Finance Your Business
Financial services help small business owners boost their bottom line
From providing advice to cutting through paperwork, lenders offer help
Three years ago, Daniel Trujillo's company, Tortilleria La Ranchera, was scrambling to meet his customers' demand for tortillas. He already had a 22,000-square-foot warehouse, but he needed more space. "People needed tortillas, and we didn't know where to shelve them," Trujillo says."
When he started La Ranchera in 1994, Trujillo had put together the money himself, but now, the business had grown beyond self-financing. It's the second-largest tortilla maker in Houston, Texas, America's fourth-largest city, with a Hispanic population that accounts for 44 percent of its 2.3 million people.
Trujillo had never applied for bank financing before. At first, he was overwhelmed by the amount of paperwork lenders required before they would even discuss a loan with him. Then he met Nancy Alvidrez at Chase, who helped him cut through the clutter and secure a loan backed by the U.S. Small Business Administration (SBA). In January, La Ranchera opened a new 88,000-square-foot facility in a former Home Depot store.
For small business owners looking to finance their growth, establishing the proper relationship with a local banker is a critical first step, Alvidrez says. Good bankers do more than lend money. They also can offer advice and insight. "Don't be afraid. Go ask," Alvidrez told small business owners at a recent Chase for Business: Connecting Minds program in Houston.
Trujillo's apprehension about dealing with banks is common among small business owners, especially in the Hispanic community. "Many Hispanics came from countries where the banking system failed," says Nely Galán, media entrepreneur and former Telemundo network president. “They're nervous."
Despite Houston's large Hispanic population, only 7 percent of the 1,725 SBA loans in the city last year went to Hispanic-owned businesses, says Tim Jeffcoat, SBA's Houston director. By contrast, Asian-Americans account for about 6 percent of Houston's population, yet they obtain 35 percent of the SBA loans.
For Hispanic businesses to grow, they need to take advantage of the financial resources that are available. "A lot of these businesses are stagnating because they haven't sought capital," says JPMorgan Chase Chief Economist Anthony Chan. "You give them access to capital and that unleashes economic growth."
Small business owners may not understand how the SBA relationship works—they worry that the government could take over their business if they default on an SBA loan. "We don't actually lend the money," Jeffcoat explains. It provides guarantees so that conventional banks such as Chase can make the loans at an affordable rate.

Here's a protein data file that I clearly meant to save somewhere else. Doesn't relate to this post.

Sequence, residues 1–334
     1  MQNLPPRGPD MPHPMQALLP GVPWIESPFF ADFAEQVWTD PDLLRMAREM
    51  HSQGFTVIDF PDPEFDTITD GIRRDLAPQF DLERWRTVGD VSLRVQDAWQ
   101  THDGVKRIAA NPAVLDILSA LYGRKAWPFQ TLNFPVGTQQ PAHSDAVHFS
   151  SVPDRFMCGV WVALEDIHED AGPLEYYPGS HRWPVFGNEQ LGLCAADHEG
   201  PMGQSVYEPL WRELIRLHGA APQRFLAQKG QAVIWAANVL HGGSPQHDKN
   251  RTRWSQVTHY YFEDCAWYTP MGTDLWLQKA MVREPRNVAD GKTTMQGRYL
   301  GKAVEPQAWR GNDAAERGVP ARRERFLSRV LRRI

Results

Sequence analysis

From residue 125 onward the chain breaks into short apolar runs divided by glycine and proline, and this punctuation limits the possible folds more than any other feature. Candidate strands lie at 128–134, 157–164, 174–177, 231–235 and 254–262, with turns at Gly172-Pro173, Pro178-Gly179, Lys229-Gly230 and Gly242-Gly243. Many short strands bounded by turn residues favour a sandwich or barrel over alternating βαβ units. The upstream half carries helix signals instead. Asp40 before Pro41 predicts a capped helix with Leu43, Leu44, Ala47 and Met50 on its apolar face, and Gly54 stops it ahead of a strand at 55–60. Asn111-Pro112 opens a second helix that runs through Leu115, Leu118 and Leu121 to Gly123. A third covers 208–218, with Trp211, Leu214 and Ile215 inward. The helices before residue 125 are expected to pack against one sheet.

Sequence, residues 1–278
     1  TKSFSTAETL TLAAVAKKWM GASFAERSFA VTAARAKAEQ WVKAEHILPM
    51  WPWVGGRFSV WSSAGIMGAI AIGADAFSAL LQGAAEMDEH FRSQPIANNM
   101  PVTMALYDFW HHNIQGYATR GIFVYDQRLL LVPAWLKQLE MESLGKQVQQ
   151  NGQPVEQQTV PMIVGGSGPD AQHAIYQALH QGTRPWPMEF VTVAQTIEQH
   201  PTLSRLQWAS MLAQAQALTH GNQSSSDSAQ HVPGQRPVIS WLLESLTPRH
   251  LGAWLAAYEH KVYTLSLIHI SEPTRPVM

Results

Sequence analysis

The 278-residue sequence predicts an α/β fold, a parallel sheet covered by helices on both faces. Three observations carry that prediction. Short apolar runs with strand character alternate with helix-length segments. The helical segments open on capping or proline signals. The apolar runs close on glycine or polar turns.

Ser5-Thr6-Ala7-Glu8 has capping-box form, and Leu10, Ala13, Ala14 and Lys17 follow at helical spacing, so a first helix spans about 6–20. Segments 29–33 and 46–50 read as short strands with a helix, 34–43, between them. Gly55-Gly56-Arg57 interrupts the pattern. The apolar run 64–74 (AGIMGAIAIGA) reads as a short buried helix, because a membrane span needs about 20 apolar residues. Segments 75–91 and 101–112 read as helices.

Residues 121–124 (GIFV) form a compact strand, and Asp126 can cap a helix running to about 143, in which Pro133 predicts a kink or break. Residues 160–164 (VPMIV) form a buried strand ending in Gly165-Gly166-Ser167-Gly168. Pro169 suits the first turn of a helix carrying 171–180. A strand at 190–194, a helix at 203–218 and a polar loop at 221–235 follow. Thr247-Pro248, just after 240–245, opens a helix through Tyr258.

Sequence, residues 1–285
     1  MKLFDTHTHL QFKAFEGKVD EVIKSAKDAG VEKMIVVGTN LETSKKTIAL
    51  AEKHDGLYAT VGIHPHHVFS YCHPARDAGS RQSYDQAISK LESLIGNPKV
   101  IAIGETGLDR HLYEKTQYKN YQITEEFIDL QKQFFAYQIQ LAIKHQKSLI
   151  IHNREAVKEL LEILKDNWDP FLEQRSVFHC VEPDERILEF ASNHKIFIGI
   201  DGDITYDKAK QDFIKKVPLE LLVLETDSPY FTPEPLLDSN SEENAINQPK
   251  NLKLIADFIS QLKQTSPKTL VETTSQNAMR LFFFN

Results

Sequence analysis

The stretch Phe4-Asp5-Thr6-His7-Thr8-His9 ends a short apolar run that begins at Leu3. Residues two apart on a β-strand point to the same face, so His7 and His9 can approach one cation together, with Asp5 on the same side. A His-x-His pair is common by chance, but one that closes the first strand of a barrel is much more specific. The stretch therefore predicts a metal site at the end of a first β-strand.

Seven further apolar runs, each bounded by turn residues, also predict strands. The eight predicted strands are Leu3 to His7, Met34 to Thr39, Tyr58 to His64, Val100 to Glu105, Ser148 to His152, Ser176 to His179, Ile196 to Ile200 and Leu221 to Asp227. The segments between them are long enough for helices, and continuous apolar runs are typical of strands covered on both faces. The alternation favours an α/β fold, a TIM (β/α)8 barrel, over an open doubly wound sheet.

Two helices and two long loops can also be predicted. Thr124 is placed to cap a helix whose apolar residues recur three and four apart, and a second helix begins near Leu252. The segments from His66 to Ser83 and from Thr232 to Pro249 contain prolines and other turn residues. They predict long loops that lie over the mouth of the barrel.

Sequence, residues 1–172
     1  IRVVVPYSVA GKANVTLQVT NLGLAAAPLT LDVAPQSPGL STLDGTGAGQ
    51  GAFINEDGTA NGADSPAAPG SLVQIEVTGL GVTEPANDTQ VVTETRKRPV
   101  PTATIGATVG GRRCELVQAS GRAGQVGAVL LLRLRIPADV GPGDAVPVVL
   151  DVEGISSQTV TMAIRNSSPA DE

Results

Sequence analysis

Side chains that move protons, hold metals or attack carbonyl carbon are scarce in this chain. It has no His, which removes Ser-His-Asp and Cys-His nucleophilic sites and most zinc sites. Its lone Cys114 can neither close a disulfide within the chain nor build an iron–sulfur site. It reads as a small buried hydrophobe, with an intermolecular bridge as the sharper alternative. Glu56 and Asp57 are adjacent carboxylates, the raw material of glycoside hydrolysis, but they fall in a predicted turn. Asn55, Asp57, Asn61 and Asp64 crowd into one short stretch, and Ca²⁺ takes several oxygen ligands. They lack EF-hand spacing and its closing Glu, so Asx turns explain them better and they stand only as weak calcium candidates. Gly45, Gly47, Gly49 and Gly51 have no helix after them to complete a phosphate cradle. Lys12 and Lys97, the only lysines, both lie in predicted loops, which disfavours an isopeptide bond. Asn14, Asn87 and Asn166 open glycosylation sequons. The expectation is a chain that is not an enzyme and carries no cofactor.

In addition to loans, the SBA guarantees surety bonds for contractors, offers a venture capital program, and resources designed to help small businesses obtain financing. For example, the Small Business Development Council, an SBA affiliate, offers mentoring programs and advisory services to help business owners craft their loan applications.
Having the proper tools and understanding of the process can help business owners find a banker that will work with them. "Your personal banker is always the best place to begin," says Mitchell Williams, vice president for special finance with Chase and a panelist at the event. "They know you and your business." Mitchell specializes in SBA lending at Chase, and his department handles about three SBA loans a week, averaging $300,000 each.
For businesses that don't qualify for SBA loans—perhaps the business owners have no credit, for example—alternative lenders may still be able to help them find capital. San Antonio, Texas-based LiftFund makes business loans for as little as $500 and up to $500,000 to business owners who need to build credit.
"Business owners come to us when, for whatever reason, they can't secure an SBA loan," says Richard Gianni, LiftFund's regional president. For 20 years, LiftFund has made loans to business owners with credit scores as low as 590, he says. If a credit score falls below that threshold, LiftFund has programs to help rebuild their credit and begin the process of gaining access to capital.
Despite their clients' lack of credit, default rates are low. Fewer than 4 percent, on average, of LiftFund's borrowers are unable to repay their loans, Gianni says. However, he stresses that LiftFund and other microlenders are not a replacement for banks. Quite the contrary, they provide short-term financing so that business owners can move on to more conventional borrowing. "Our goal is to get every one of our clients back to their banker," Gianni says. "Business owners who avoid traditional finance will impede their own growth."
At La Ranchera, growth continues to explode. Even with the new facility, Trujillo says the company is working around the clock to meet tortilla demand. "I don't know how we're going to keep up," he says. "I might have to ask for another loan."
If he does, he says he takes confidence in knowing he has the right relationship in place with Alvidrez and her team at Chase. "I can call upon them whenever I have a question," he says. "It's empowering."
Selina Wagowski is a Chase News contributor.